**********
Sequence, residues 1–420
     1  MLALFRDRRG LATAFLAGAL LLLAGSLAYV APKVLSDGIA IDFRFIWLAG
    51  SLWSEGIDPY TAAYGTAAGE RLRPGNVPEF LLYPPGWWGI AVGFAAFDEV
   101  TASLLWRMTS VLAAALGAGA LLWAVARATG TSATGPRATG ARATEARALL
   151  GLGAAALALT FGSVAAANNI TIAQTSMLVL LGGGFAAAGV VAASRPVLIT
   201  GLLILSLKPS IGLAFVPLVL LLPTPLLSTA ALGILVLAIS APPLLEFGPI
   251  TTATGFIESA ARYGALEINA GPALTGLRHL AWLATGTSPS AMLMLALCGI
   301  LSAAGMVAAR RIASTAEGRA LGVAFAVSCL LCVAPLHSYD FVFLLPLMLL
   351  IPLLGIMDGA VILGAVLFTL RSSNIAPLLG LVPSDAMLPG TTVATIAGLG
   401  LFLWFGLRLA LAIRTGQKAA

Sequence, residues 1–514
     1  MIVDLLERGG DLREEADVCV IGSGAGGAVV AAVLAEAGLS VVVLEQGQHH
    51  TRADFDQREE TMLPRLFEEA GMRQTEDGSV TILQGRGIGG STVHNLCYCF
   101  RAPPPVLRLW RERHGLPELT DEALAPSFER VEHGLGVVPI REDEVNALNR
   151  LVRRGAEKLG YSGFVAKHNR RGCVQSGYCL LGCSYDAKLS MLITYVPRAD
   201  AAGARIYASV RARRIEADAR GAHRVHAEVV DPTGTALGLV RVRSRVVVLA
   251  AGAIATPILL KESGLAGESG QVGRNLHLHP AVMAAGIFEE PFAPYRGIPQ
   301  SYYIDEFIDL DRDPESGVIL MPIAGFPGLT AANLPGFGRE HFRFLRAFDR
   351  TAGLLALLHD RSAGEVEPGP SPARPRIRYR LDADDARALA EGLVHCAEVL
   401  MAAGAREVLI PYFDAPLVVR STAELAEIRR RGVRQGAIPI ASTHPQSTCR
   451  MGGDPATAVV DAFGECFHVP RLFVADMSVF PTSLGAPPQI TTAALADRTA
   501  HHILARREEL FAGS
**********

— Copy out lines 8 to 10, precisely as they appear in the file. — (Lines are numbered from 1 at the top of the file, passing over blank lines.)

   301  LSAAGMVAAR RIASTAEGRA LGVAFAVSCL LCVAPLHSYD FVFLLPLMLL
   351  IPLLGIMDGA VILGAVLFTL RSSNIAPLLG LVPSDAMLPG TTVATIAGLG
   401  LFLWFGLRLA LAIRTGQKAA